The Meditationes vitae Christi: a conversation about dating, authorship and contexts
The Courtauld Institute of Art, Somerset House, Strand, London
Wednesday 26 April 2017
PLEASE NOTE: This Date Has Passed
5:00 pm - 6:30 pm
Research Forum Seminar Room, The Courtauld Institute of Art, Somerset House, Strand, London, WC2R 0RN
- Dr Peter Toth - The British Library
- Dr Donal Cooper - University of Cambridge
- Prof. Joanna Cannon - The Courtauld Institute of Art
- Dr Tom Nickson - The Courtauld Institute of Art
Peter Toth (British Library)
The Meditationes Vitae Christi, a series of affective meditations on the life of Christ, has long been regarded as one of the most influential medieval works ever. It had decisive influence on literary and religious thought as well as the fine and performing arts of the Late Middle Ages. Despite its wide-reaching importance, however, neither its author nor even its date or the language it was originally written has ever been identified. This talk will survey the latest research that shed some new light on these questions and reflect on the challenges this new light had created, showcasing further evidence for the date and original language of this medieval best-seller.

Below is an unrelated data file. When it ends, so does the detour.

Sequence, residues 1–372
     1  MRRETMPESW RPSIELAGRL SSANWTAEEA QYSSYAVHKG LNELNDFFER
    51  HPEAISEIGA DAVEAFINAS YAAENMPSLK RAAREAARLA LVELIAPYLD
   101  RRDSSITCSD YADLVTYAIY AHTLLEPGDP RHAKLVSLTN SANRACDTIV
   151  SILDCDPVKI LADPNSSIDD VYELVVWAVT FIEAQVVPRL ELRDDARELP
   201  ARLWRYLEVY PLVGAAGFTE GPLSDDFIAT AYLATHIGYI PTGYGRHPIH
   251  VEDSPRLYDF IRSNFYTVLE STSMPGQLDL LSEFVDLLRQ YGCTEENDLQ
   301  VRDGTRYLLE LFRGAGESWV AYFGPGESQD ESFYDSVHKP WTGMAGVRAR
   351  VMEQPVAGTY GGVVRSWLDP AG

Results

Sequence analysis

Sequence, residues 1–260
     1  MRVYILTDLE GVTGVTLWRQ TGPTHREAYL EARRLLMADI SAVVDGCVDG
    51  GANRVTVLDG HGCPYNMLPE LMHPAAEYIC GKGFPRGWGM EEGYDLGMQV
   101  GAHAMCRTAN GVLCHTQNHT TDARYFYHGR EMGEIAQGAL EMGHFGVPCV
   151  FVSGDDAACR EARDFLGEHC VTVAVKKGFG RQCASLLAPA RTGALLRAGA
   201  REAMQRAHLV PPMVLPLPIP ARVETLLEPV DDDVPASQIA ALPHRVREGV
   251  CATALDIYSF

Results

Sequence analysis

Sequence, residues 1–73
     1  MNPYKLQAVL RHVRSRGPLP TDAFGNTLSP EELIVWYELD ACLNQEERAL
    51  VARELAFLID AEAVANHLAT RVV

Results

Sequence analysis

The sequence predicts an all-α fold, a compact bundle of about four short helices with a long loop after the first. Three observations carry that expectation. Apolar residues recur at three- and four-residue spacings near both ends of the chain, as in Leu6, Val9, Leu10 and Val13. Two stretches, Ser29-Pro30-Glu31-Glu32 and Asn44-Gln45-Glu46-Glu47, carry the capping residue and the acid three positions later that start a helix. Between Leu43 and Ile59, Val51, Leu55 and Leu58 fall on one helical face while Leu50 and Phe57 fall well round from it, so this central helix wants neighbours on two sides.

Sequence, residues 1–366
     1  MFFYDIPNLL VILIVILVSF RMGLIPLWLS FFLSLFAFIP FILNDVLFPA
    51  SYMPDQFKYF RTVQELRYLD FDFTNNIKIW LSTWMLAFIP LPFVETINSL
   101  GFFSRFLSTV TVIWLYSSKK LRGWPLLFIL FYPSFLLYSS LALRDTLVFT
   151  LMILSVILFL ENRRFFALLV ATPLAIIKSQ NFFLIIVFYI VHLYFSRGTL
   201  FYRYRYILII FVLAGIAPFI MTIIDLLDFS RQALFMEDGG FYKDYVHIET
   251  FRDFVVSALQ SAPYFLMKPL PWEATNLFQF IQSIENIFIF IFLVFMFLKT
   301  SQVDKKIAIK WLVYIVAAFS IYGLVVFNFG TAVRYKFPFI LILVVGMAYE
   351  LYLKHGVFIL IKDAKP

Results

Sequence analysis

Donal Cooper (University of Cambridge):
A long-standing conundrum regarding the origins of the Meditationes vitae Christi has been the elusive nature of the Franciscan friar traditionally proposed as its author: Giovanni de’ Cauli or John of Caulibus. The claim made by Fra Bartolomeo da Pisa in the 1390s that “Iohannes de Caulibus de Sancto Geminiano” had written a book of meditations on the Gospels has yet to be corroborated by contemporary archival sources. Building on Péter Toth’s and Dávid Falvay’s compelling reappraisal of the early manuscript tradition of the Meditationes, this contribution turns to the rich archival record that survives for the Tuscan Franciscans from the late thirteenth and fourteenth centuries in search of the text’s likely author.
Joanna Cannon (Courtauld Institute of Art):
Since the days of Henry Thode and Emile Mâle, as views on the authorship and dating of the Meditationes vitae Christi have evolved, the uses that art historians have made of the text have undergone several changes. My brief contribution reflects on the implications of these changes, and of the recent findings of Péter Toth, Dávid Falvay and Donal Cooper, for the study of the Meditationes vitae Christi in relation to art in thirteenth-century Siena.